It will be a small group of around 60 people who are all keen to find ways of supporting technologically triggered innovation in the cultural and creative sectors. They will range from creative professionals and entrepreneurs, to the representatives of companies and intermediaries such as associations and cluster organisations, and policymakers.
The speakers include Ivan Ostrowicz of the ed-tech start-up Domoscio (France); Michael Döschner-Apostolidis, CEO of Holtzbrinck ePublishing (Germany); games expert Fabio Viola (Italy); Miguel Angel Doncel, CEO of the Spanish media developers SGO; experts from the European Commission, including Barbara Gessler of Creative Europe and Paolo Cesarini of Horizont2020; Karl Karst and Christine Merkel of UNESCO Germany, and many more.
As cooperation is the name of the game in this new CCI ecosystem, we are also working with strategic partners from across Europe: Fitzcarraldo Foundation/ArtLab (Italy); New European Media (NEM)/Madrid Network ICT Audiovisual Cluster (MAC) (Spain); I3; European Creative Business Network (ECBN)/European Centre for Creative Economy (ecce); European Commission, Directorate General for Culture and Education (DG EAC)/Creative Europe.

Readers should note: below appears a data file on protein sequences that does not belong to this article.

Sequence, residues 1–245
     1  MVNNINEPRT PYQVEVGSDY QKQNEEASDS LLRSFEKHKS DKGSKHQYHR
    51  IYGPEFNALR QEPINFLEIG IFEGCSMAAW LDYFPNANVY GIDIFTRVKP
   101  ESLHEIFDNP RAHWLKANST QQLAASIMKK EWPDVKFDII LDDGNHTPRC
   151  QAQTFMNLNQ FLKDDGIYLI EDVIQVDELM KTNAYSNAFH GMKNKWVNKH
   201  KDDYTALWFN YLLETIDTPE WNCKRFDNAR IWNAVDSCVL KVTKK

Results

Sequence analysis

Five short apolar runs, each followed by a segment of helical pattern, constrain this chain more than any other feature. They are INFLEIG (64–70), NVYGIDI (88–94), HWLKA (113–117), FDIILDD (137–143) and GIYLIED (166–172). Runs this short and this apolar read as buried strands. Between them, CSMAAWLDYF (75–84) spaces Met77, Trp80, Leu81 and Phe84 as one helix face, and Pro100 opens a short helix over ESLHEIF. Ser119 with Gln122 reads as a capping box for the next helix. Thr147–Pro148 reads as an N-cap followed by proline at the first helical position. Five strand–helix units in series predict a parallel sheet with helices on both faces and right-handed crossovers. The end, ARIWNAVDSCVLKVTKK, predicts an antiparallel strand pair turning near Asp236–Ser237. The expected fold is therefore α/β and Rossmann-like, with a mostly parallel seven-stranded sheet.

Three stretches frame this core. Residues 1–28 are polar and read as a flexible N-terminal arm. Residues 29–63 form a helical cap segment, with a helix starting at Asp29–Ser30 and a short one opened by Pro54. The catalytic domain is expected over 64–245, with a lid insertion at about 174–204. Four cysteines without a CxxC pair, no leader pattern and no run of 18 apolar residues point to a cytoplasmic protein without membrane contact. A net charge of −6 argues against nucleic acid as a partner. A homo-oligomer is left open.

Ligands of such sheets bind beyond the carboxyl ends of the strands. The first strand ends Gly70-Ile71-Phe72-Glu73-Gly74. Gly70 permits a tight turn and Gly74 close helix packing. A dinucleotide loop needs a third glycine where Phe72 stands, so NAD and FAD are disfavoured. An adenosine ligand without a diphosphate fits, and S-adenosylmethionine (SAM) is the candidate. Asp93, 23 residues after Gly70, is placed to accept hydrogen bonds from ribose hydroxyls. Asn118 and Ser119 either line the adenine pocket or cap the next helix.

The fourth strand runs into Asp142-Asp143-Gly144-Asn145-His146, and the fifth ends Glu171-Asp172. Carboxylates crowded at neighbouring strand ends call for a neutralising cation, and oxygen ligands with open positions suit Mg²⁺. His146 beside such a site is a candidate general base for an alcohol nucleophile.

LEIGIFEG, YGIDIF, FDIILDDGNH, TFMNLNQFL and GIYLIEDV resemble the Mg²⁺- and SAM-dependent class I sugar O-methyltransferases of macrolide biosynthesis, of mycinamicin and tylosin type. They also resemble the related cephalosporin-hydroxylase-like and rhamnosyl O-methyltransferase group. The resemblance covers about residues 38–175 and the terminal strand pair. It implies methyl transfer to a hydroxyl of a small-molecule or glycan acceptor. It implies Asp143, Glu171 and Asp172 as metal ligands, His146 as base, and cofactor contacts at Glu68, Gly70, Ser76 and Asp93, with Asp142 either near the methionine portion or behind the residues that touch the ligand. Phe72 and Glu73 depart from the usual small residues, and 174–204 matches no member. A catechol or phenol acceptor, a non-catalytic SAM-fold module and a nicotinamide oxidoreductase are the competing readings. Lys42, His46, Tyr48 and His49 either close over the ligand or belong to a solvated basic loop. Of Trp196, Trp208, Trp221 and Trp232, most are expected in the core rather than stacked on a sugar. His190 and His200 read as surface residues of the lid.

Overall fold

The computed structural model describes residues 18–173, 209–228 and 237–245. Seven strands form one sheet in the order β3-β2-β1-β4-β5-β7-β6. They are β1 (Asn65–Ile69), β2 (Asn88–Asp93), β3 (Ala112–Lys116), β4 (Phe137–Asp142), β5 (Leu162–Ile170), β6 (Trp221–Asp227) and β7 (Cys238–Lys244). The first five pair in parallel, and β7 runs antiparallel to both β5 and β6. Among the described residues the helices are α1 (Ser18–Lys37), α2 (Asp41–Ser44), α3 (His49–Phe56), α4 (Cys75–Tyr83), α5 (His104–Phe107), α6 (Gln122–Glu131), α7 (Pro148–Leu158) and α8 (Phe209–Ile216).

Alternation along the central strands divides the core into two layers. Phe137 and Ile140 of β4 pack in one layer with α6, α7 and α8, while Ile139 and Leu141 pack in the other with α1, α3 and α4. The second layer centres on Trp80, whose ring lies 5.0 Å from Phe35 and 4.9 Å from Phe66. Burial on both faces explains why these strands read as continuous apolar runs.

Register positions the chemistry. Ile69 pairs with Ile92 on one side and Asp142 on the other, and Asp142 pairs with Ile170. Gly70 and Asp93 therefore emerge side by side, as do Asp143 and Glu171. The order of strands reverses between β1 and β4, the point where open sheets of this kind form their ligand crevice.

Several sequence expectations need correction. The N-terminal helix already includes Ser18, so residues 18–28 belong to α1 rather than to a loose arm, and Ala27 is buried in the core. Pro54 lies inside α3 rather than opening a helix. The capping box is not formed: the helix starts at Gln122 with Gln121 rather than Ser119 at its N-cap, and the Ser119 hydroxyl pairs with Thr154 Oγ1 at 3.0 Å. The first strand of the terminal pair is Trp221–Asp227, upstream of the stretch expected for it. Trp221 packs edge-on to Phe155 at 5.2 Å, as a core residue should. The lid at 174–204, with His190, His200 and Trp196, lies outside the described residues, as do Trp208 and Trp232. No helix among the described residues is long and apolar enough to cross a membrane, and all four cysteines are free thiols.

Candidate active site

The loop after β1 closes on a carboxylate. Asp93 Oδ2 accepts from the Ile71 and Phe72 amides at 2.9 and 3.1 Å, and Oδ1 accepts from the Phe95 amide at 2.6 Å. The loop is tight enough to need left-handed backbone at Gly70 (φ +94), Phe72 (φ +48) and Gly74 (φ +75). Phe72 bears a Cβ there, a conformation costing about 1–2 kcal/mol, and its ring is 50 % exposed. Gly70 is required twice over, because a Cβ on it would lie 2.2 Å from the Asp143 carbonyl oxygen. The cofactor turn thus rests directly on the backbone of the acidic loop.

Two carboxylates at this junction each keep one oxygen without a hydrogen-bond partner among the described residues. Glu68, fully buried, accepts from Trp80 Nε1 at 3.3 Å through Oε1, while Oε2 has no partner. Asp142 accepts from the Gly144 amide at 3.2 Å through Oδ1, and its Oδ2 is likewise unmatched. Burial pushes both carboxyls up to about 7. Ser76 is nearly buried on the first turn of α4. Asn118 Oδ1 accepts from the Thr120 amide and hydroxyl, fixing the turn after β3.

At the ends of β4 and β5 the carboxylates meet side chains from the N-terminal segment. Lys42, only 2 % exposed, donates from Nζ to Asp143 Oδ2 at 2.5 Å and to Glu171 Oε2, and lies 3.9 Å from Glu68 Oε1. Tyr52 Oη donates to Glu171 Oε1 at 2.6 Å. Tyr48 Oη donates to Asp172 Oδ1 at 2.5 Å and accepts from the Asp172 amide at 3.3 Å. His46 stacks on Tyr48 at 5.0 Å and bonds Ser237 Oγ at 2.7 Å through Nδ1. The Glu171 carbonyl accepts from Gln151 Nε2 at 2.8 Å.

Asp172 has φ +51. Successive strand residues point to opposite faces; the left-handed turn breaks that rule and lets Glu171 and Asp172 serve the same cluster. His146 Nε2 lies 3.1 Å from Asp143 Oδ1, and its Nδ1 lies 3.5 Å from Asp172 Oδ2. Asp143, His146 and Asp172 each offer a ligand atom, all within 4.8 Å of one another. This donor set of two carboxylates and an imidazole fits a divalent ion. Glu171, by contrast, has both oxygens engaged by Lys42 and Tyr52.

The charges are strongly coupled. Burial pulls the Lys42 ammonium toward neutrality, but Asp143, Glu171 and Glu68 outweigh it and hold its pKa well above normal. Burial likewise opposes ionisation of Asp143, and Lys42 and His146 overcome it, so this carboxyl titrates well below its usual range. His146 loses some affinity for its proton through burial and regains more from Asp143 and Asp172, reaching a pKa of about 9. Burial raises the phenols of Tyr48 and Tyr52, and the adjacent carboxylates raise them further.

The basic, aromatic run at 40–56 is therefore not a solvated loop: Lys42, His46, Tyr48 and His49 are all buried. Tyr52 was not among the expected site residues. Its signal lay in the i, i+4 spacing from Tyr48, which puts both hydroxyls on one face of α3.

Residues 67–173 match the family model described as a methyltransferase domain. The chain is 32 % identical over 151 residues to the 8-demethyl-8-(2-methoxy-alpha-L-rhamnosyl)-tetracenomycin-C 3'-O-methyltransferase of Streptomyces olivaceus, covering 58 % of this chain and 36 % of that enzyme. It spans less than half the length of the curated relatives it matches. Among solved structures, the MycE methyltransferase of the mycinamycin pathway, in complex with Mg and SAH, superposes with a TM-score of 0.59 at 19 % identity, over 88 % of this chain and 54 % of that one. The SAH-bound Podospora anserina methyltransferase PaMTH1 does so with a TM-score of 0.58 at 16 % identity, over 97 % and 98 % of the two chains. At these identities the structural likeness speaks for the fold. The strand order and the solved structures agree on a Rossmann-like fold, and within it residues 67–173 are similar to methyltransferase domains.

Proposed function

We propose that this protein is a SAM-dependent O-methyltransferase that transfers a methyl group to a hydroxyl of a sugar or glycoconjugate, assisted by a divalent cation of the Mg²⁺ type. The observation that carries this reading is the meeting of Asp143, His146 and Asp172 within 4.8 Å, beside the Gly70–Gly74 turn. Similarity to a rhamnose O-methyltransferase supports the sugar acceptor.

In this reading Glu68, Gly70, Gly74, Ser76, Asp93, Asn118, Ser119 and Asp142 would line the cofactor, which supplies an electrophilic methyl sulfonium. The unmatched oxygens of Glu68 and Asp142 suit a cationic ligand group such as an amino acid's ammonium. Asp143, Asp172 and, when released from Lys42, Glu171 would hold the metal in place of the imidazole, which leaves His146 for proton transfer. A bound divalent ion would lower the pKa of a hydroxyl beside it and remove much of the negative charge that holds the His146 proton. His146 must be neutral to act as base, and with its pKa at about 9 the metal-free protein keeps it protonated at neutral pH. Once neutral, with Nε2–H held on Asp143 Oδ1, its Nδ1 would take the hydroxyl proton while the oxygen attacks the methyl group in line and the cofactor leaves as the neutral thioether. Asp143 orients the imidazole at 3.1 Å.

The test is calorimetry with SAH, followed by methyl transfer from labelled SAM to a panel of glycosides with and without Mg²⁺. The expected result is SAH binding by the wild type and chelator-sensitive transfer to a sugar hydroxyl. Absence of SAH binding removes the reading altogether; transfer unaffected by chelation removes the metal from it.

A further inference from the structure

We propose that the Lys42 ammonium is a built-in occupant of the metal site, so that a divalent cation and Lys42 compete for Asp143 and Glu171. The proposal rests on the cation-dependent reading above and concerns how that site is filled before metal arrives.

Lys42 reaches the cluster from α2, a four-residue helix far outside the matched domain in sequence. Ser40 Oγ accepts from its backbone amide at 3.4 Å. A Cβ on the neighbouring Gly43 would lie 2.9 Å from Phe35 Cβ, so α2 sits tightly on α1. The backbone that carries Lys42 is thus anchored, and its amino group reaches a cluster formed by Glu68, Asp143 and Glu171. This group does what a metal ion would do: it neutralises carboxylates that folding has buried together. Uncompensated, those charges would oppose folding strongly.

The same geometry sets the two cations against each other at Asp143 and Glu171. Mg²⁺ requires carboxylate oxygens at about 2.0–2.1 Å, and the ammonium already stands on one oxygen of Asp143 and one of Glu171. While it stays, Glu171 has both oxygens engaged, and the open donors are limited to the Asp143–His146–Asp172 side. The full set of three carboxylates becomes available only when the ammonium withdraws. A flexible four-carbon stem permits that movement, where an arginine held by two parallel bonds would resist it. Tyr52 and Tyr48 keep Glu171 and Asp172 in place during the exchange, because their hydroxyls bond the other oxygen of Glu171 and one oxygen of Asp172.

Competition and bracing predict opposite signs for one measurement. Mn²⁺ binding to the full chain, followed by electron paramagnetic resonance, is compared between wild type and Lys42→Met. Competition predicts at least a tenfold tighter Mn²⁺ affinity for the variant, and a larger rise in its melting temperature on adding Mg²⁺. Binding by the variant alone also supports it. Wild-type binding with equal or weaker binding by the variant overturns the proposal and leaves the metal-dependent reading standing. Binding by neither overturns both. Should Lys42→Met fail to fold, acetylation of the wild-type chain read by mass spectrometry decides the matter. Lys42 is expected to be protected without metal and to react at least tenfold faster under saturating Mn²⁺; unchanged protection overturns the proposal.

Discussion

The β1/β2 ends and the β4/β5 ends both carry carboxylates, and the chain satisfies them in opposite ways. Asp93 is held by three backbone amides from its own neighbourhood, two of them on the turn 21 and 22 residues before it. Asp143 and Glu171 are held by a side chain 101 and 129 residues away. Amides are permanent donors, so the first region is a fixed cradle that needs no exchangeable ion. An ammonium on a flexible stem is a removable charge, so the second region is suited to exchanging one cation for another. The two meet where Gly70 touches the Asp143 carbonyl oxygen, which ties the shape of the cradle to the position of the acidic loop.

We invite you to experience the European side of THE ARTS+ with us. Have a look at the programme!
ALDUS is the European Book Fairs’ network, fostering transnational mobility of European literary works and book professionals through joint events, dedicated networking and training activities. By experimenting with new interactive and engaging events formats ALDUS aims at building capacities in the areas of internationalization, translation, digital shift and audience development, helping book professionals to develop their careers internationally. The partnership features two leading international trade book fairs (Frankfurt and Bologna) and a rich variety of national book fairs (Rome, Vilnius, Riga, Lisbon and Bucharest). The network will be increasingly developed throughout the project to reach a pan-European level. Aldus is a project co-funded by the European Union under the Creative Europe programme; it will run from June 2016 to September 2019.
THE ARTS+ is organized as part of ALDUS – European Book Fairs’ Network, and is co-funded by the Creative Europe programme of the European Union